The Washington Post must dislike tax cuts even more than it likes President Barack Obama. On March 6, staff writer Lori Montgomery warned that the national debt would climb by $9.7 trillion under Obama’s budget.
Relying on the Congressional Budget Office (CBO) for data, Montgomery reported that the debt would be "higher than White House forecast" but not because of spending increases by Obama. Instead, she used the CBO to attack Obama's "tax-cutting agenda" continuing a media theme of portraying him as fiscally conservative despite the largest budget ever.
"Proposed tax cuts for the middle class account for nearly a third of the ($9.7 trillion) shortfall," Montgomery wrote. Her one-sided article relied solely upon the CBO and its director Douglas W. Elmendorf.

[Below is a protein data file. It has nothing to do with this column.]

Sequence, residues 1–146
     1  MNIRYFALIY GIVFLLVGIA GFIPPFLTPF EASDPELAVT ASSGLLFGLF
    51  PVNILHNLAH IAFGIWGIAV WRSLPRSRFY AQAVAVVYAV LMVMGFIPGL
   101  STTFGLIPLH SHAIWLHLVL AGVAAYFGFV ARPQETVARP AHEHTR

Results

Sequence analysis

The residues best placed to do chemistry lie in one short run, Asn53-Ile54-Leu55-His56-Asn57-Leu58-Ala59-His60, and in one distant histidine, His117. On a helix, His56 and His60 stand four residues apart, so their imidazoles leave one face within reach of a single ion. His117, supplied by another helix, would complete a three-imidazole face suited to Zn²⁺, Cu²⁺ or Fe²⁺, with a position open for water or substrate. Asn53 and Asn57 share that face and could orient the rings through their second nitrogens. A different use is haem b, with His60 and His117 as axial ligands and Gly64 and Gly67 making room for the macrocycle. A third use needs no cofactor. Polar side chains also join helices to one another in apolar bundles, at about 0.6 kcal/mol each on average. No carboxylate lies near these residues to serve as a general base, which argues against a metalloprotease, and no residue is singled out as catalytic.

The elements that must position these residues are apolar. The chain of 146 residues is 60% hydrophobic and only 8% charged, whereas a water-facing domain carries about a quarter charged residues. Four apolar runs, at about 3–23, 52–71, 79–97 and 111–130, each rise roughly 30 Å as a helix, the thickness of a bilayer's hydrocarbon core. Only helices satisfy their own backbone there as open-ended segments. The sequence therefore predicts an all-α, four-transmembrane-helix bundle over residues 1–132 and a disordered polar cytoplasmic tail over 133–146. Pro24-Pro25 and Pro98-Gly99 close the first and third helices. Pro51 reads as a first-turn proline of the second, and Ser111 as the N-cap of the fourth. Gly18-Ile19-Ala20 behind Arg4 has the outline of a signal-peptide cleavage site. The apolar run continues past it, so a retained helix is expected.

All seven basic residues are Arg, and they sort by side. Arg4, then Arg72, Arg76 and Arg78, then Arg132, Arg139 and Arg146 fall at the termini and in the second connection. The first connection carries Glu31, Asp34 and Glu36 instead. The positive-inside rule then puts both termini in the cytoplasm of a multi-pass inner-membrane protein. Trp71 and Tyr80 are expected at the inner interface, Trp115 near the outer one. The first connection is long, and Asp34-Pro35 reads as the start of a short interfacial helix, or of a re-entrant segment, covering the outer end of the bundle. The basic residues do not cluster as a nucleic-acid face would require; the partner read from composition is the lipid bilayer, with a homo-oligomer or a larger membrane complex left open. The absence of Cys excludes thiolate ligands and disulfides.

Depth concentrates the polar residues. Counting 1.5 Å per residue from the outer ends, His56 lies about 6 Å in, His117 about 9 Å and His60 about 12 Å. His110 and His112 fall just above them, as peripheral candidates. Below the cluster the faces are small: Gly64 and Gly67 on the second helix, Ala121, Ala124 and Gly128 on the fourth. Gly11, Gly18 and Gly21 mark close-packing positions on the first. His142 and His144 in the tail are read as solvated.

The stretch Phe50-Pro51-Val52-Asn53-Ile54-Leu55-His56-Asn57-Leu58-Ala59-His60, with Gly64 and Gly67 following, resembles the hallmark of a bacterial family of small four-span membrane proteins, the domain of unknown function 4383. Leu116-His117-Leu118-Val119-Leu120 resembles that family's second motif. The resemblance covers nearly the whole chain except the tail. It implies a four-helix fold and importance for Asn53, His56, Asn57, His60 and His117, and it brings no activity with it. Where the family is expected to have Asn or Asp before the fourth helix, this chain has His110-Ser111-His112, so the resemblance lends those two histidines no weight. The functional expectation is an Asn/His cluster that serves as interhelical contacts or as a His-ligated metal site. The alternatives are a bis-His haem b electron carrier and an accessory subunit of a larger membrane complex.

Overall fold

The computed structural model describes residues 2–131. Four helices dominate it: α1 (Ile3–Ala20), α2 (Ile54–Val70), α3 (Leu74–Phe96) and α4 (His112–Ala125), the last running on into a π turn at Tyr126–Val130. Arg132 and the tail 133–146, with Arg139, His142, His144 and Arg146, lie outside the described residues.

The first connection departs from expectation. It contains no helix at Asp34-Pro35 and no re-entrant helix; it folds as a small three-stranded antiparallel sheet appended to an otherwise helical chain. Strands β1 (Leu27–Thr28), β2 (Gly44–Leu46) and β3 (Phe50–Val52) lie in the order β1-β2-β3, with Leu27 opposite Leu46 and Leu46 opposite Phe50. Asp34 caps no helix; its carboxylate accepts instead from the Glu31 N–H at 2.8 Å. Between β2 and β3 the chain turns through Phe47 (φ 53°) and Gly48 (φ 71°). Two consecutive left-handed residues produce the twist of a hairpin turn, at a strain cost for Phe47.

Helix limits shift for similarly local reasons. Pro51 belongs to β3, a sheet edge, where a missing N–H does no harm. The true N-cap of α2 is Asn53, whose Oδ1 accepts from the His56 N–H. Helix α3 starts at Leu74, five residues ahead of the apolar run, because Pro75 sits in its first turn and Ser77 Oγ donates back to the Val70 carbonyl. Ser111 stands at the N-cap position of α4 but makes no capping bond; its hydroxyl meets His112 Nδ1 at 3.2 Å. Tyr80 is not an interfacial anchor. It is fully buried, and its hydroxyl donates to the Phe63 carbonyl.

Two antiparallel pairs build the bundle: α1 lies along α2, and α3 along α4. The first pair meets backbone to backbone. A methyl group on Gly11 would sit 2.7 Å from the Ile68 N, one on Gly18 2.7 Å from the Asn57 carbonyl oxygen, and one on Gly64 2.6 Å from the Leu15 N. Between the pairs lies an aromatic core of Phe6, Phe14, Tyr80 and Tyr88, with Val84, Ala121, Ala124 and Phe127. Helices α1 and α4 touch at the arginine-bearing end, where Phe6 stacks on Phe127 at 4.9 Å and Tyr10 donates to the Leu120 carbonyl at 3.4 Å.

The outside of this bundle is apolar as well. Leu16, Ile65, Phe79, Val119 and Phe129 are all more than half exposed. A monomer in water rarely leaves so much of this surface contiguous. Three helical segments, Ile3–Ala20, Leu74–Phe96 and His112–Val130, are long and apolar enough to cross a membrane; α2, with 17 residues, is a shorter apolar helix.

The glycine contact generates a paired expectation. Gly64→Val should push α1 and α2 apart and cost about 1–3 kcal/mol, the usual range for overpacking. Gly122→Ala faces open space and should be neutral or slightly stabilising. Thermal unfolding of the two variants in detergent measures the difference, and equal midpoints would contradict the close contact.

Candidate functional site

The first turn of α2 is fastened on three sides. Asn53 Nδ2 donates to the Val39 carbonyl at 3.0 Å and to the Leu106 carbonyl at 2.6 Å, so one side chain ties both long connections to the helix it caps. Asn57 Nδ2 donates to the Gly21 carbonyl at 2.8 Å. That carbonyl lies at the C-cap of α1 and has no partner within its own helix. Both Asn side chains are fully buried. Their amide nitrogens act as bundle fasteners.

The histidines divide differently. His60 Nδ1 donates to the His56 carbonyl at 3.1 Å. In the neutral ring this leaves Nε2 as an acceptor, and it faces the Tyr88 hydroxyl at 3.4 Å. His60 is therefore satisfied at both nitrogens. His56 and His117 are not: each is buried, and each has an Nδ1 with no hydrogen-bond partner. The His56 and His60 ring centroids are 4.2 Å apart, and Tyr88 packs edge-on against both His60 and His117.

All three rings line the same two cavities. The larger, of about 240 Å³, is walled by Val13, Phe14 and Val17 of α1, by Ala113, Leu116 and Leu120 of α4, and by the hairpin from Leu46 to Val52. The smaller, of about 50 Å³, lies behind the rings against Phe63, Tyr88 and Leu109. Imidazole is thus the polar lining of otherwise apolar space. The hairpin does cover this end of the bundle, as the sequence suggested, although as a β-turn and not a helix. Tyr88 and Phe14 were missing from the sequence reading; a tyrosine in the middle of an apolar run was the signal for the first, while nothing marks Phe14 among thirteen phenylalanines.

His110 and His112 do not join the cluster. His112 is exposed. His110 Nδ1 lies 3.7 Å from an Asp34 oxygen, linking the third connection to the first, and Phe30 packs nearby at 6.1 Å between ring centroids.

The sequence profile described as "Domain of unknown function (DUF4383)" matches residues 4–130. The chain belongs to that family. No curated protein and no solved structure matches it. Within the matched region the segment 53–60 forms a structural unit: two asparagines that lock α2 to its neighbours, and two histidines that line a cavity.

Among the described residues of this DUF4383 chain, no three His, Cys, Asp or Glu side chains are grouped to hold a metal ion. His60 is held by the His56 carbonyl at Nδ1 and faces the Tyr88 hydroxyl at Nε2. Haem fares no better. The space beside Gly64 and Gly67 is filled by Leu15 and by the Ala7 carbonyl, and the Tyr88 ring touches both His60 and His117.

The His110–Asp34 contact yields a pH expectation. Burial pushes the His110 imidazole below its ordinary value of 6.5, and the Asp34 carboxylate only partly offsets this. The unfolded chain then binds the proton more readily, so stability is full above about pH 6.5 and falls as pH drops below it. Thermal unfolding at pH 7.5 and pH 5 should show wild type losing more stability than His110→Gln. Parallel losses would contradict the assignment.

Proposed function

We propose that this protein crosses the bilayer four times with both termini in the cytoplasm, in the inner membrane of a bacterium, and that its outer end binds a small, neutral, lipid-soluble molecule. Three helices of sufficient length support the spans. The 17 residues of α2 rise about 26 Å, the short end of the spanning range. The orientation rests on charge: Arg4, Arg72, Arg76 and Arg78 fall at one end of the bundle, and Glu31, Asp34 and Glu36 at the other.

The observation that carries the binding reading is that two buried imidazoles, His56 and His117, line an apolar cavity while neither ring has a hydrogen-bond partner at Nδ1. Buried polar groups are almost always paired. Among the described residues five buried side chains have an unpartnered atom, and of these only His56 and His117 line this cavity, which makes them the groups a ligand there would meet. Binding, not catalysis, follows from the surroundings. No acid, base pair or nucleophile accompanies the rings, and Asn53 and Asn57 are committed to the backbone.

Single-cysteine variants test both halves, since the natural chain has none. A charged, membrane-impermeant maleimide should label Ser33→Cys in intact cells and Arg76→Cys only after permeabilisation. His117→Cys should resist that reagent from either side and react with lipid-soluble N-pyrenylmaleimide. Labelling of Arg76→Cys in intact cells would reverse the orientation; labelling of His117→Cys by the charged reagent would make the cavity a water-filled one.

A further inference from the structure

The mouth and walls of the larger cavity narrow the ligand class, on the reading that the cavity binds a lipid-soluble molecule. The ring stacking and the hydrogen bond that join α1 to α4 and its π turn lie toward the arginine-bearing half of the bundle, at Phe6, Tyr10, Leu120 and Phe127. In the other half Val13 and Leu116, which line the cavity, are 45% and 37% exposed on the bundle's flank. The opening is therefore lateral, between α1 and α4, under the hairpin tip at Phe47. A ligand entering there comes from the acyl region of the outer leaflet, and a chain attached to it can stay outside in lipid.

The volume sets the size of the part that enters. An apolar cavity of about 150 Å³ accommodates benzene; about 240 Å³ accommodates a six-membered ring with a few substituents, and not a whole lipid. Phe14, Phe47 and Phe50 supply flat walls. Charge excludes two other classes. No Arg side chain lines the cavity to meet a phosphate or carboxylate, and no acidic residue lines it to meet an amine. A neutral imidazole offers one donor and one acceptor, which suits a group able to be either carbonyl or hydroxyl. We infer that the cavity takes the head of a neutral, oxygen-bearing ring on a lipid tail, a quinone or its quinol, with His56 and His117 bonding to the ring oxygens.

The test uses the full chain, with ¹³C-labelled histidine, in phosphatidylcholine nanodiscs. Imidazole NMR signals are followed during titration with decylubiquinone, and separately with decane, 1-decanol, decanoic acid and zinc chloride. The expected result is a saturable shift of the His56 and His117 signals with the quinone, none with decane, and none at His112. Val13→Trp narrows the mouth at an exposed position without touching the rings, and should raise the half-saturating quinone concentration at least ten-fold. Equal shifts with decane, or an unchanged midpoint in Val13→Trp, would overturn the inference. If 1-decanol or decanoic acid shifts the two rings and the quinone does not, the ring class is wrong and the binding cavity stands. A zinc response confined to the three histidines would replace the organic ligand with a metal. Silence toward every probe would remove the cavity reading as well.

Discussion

As economic issues move to the front of the on-going presidential campaign, the mainstream media have given an increased amount of coverage to what is happening on Wall Street. However, they have portrayed Wall Street as something completely alien to what happens on "Main Street."
"Now to Wall Street, which, as you know, doesn't always like what Main Street likes, and by the end of the trading day, it was up," NBC "Nightly News" anchor Brian Williams said on Oct. 31, 2007.
But something positive on Wall Street and something positive for Main Street are not mutually exclusive.